Second-rate opsec remained pervasive at the United States' National Security Agency [theregister.co.uk], according to an August 2016 review now released under Freedom of Information laws.
It's almost surprising that the agency was able to cuff Reality Winner [theregister.co.uk], let alone prevent a wholesale Snowden-style leak. The Department of Defense Inspector General report, first obtained [nytimes.com] by the New York Times, finds everything from unsecured servers to a lack of two-factor authentication.
The formerly-classified review (PDF [documentcloud.org]) was instigated after Snowden exfiltrated his million-and-a-half files from August 2012 to May 2013.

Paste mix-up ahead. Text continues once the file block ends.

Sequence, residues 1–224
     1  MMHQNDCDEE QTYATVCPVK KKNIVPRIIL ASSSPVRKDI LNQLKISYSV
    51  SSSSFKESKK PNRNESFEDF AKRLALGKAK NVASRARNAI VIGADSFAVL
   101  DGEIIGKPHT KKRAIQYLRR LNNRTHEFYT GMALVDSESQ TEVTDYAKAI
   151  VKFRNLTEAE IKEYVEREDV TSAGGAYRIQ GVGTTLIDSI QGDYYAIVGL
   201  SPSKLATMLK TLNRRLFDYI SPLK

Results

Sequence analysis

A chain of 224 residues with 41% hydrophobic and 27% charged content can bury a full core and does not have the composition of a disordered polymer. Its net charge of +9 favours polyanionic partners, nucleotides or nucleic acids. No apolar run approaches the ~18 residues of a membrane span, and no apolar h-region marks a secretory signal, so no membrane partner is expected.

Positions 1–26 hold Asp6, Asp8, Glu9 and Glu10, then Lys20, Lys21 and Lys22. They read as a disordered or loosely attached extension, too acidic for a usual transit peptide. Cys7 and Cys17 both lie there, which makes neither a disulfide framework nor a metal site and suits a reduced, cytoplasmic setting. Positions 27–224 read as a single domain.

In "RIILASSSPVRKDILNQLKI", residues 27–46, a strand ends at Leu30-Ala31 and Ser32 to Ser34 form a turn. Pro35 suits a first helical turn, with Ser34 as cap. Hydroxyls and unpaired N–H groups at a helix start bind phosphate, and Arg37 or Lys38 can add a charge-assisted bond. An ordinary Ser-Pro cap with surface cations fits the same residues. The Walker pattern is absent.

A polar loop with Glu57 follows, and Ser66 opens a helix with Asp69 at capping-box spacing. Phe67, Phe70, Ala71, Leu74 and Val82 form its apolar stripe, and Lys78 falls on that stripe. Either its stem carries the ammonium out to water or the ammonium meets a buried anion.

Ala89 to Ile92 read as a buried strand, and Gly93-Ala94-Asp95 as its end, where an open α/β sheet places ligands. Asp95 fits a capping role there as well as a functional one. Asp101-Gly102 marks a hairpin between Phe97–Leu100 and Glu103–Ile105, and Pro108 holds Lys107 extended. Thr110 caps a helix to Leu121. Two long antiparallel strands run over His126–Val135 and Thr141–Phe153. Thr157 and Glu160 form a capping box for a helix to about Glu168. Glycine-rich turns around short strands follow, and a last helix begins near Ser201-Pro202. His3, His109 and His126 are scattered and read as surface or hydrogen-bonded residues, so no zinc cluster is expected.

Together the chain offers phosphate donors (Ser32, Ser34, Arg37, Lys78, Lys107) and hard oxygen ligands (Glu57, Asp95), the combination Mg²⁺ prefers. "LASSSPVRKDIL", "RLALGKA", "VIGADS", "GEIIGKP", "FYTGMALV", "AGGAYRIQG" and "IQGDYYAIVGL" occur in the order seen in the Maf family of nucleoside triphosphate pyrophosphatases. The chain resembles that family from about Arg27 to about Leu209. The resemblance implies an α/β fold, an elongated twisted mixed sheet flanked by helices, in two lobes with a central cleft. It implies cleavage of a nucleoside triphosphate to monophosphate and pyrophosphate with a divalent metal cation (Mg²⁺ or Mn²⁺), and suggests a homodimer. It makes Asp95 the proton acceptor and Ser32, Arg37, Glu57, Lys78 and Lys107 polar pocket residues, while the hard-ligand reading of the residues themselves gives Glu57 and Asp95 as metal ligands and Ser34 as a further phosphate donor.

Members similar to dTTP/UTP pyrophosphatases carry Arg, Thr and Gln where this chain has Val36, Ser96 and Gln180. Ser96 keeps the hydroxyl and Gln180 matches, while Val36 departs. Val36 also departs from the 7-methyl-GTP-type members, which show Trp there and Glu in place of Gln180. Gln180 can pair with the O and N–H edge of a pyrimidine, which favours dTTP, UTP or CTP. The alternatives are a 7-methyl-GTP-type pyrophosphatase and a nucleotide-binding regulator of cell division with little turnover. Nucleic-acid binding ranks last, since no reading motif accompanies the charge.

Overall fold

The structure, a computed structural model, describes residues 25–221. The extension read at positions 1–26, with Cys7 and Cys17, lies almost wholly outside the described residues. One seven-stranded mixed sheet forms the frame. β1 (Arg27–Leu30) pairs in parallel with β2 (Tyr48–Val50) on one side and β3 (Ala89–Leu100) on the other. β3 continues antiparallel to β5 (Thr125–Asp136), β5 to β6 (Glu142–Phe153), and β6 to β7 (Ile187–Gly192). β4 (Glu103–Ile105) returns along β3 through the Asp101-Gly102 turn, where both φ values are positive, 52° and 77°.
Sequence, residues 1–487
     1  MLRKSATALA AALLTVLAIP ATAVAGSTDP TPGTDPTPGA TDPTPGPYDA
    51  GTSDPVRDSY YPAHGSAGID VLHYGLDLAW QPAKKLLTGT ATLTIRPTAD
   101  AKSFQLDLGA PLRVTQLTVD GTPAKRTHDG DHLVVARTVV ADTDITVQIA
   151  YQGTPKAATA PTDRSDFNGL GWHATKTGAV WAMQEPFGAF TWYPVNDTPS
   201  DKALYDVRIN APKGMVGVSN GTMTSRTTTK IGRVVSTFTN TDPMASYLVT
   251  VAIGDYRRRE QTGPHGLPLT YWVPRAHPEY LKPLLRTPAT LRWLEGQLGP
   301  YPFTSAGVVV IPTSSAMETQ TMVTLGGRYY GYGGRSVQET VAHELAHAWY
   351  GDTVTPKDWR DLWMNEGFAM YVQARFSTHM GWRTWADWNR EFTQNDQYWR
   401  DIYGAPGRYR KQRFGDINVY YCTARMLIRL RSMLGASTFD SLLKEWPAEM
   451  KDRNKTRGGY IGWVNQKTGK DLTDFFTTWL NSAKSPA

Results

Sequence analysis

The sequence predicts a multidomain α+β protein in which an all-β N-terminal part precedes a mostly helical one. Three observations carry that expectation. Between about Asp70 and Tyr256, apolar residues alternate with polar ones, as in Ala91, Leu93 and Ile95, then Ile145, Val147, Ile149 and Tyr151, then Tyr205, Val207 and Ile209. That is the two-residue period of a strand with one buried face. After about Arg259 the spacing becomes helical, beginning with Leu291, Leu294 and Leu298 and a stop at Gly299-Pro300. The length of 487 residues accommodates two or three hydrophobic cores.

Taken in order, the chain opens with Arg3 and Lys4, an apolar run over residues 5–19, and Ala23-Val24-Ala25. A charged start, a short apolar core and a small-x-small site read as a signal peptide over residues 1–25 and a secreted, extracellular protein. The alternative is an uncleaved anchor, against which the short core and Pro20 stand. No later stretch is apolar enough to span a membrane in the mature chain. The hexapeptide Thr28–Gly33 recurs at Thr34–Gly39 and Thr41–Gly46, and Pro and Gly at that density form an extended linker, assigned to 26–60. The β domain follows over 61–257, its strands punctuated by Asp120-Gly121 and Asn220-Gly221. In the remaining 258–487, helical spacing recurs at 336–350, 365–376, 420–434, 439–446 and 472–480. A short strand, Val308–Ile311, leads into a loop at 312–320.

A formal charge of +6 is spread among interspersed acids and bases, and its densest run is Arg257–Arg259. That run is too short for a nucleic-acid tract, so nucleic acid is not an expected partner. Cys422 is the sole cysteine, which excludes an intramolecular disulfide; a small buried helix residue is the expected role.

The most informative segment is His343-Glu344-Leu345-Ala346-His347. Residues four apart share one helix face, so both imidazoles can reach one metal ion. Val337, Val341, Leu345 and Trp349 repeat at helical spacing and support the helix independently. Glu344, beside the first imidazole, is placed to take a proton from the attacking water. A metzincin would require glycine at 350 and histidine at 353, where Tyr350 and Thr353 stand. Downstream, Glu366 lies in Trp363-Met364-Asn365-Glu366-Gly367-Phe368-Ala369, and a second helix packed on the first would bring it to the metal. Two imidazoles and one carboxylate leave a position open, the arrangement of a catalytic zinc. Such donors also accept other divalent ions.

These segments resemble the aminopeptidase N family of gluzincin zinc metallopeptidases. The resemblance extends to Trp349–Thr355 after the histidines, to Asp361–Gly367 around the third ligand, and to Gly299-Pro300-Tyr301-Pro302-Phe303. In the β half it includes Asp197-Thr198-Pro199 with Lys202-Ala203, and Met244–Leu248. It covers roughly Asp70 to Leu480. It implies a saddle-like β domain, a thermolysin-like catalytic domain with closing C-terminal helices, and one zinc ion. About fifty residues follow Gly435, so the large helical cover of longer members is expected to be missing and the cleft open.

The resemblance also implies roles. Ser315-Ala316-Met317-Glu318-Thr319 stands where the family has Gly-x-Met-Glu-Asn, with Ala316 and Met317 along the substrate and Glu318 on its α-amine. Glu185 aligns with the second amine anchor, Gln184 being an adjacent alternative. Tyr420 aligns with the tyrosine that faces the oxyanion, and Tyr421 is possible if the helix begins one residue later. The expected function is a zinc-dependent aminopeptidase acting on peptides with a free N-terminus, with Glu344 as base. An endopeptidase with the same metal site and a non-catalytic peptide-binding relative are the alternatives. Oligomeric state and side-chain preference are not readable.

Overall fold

“NSA did not have guidance concerning key management and did not consistently secure server racks and other sensitive equipment in the data centers and machine rooms” under its “Secure-the-net” initiative, the report says.
Data centre access is supposed to be governed by two-person access controls, the report notes, and the rollout of 2FA to “all high-risk users” was incomplete at the time of writing.
The agency had too many users with admin privileges, the report continues, they're insufficiently monitored, and the NSA had not cut the number of agents authorised to carry out data transfers.
Giving the NSA more funding could probably fix it.